In accordance with the Balinese Hindu philosophy, peace and liberty are obtainable in our lives only when we respect and observe the 3 harmonious relationships known as the Tri-Hita Karana Doctrine:
- The Gods blessed life and created nature.
- Nature offers subsistence, nourishment, activities, and other needs of human beings.
- Human beings have an obligation to establish traditional village structure, to build temples in which to worship, to hold various ceremonies, to make daily offerings, to preserve nature, and to discuss and solve problems together.
Although the Sacred Monkey Forest is probably best known as being the site of Padangtegal’s Pura Dalem (death temple), there are actually 3 temples within the Sacred Monkey Forest. In addition to a Pura Dalem, the Sacred Monkey Forest is the site of Padangtegal’s Holy Bathing Temple and Pura Prajapati (funerary or cremation temple). All 3 of these temples are considered to be traditional village structures and local village members, in accordance with the Tri-Hita Karana Doctrine, beleive that it is their obligation to make sure that these temples are maintained.
Religious ceremonies are conducted whenever a deceased person is buried, exhumed, or prepared for cremation within the Sacred Monkey Forest. However, in accordance with Balinese Hindu philosophy, the Balinese beleive that there is a dualistic nature to everything in the universe. For example, the Tri-Hita Karana Doctrine indicates that people should respect nature. In turn, reincarnation represents the Balinese Hindu belief that, within nature, “life” and “death” (as dualities) cannot exist independently. As such, tourists should not be surprised that local village members often utilize the Sacred Monkey Forest as a place to equally “celebrate life”. Two special Balinese Hindu ceremonies, which are celebrated within the Sacred Monkey Forest, include the Tumpek Kandang (where people make special offerings to the monkeys and animals in general) and the Tumpek Ngunduh (where plants are equally celebrated).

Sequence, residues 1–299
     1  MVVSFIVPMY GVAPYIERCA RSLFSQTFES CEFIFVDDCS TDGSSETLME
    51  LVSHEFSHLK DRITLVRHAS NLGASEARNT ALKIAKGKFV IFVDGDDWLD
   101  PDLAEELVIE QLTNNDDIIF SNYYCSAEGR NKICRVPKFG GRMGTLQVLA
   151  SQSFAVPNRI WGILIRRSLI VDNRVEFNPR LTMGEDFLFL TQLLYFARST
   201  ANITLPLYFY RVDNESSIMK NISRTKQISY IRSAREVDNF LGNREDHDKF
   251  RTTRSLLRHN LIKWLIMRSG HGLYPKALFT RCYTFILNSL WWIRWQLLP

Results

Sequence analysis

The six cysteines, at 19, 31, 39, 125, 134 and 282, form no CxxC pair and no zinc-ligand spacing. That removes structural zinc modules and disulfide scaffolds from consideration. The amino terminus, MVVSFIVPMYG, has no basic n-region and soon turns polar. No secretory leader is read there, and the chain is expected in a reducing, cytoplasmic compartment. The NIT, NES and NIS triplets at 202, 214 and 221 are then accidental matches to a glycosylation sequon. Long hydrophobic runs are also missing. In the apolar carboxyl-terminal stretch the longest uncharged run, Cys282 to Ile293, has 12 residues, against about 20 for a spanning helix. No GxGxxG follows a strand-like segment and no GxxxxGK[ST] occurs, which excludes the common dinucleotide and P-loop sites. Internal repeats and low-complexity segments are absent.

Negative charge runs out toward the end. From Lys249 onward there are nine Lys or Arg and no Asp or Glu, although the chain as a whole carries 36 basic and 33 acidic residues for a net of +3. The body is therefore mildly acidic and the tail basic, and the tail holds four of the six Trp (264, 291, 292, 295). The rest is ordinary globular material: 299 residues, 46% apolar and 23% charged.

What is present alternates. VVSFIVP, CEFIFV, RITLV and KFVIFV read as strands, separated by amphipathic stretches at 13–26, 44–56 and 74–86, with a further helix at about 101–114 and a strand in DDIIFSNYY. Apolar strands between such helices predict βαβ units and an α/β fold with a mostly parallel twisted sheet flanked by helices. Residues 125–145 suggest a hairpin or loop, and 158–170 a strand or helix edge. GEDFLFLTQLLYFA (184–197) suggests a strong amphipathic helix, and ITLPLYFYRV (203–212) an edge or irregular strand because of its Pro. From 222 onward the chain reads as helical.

In accordance with the Tri-Hita Karana Doctrine, local village members work together to develop and implement conservation programs for the Sacred Monkey Forest. However, increasingly, this cooperation is also involving researchers from around the world. In 1990 and 1991, a monkey behavioral research project was conducted, within the Sacred Monkey Forest, by researchers from the University of Alabama (USA) and the University of Udayana (Bali, Indonesia). In 1998, researchers from Central Washington University (USA) and the University of Udayana began a 5 year research project involving looking into the daily lives and ecology of the monkeys, the interactions between humans and monkeys, and the conservation of spectacular places like the Sacred Monkey Forest of Padangtegal.